No area of life has gone untouched by coronavirus, including cultural and religious events, from regular worship to periods of particular religious significance.
In Australia, lockdown measures included the suspension of religious gatherings, with people of all faiths working together to ensure that social distancing can be effective in slowing the spread of the virus. Church and cathedral services were cancelled, including mass, while daily prayers were cancelled at mosques. Even special events such as night prayers during Ramadan were cancelled in order to slow the spread of COVID-19.
Synagogues also suspended services in Australia, with Rabbi Moshe Gutnick commenting,
“We’re taking a very strong stance, stronger than the government’s in terms of gatherings. We’re better safe than sorry.”
There are both striking similarities and stark differences in the way that these four countries – Israel, Germany, South Korea and Australia – have handled the coronavirus outbreak. Each has tackled freedom of movement and travel in a different way and lockdown measures have varied hugely, from an early, near-total lockdown in Germany, to an almost total absence of lockdown in South Korea.
So, what are the common threads?
Each of these countries was in a strong financial position to begin with. Indeed, three of the four (Germany, South Korea and Australia) are ranked in Investopedia’s list of the top 20 economies in the world. With money comes the power to act fast and this was certainly something that all four of these nations did.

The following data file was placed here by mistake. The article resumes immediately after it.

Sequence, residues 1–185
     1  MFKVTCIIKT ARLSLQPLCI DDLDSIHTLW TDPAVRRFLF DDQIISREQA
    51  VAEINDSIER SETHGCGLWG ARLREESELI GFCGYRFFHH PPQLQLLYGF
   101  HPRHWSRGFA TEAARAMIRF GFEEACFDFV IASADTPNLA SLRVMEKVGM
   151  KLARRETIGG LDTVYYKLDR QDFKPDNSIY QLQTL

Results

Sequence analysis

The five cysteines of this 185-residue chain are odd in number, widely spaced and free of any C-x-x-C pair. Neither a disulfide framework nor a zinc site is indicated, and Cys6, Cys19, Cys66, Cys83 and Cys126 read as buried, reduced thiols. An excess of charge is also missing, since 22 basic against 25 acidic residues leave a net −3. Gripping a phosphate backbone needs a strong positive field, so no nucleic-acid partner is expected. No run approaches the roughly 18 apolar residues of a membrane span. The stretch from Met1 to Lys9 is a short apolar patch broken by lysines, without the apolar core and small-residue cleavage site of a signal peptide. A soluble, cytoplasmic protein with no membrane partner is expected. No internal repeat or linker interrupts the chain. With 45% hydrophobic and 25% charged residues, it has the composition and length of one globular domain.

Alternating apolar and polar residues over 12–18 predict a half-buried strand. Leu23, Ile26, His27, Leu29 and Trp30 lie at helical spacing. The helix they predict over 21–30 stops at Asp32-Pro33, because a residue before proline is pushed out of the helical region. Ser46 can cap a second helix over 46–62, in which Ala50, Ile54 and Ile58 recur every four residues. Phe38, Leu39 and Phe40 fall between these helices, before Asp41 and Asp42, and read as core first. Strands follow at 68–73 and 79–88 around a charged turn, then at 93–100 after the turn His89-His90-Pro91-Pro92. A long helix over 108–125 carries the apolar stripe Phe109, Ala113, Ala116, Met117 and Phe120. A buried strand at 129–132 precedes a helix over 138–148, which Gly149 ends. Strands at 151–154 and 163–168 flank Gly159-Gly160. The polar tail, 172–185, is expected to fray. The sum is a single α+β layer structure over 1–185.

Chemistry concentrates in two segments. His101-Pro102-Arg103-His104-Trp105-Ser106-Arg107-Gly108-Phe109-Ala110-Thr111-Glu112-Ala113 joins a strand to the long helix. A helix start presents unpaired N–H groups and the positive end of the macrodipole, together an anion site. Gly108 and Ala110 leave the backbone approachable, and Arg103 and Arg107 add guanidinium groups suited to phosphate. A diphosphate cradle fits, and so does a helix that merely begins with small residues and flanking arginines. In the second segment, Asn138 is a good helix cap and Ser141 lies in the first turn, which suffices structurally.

The full financial impact of coronavirus on the global economy is yet to be felt, but the virus has already sent economic shockwaves around the world. Each of the countries we’ve cited as handling the COVID-19 outbreak well has been in a position to flow money freely into the healthcare system and to put in place comprehensive economic stimulus packages.
Israel, Germany, South Korea and Australia have all displayed calm, focused leadership during the crisis, with their respective leaders making tough decisions early on in the outbreak in order to protect their citizens. They have managed, in many ways, to overcome national political differences in order to lead the response to the novel coronavirus in their countries.
The honest and timely provision of information has been notable in all four cases, with leaders working in partnership with their populations in order to introduce and enforce the measures necessary for reducing the spread of the virus.
Early, widespread testing has been another clear commonality between the four countries that we have examined. World Health Organisation director general Tedros Adhanom Ghebreyesus made it clear that it was impossible to “fight a fire blindfolded” when he urged the world to “test, test, test.” That approach to testing was upheld in Israel, Germany, South Korea and Australia alike.
While other countries can’t do much to change their financial position, they can certainly learn from these examples of strong, empathetic leadership and from the benefits of mass testing and contact tracing. These are lessons that other countries around the world would do well to embrace as swiftly as possible, in order that every nation has a chance to do all it can to slow the pace of COVID-19.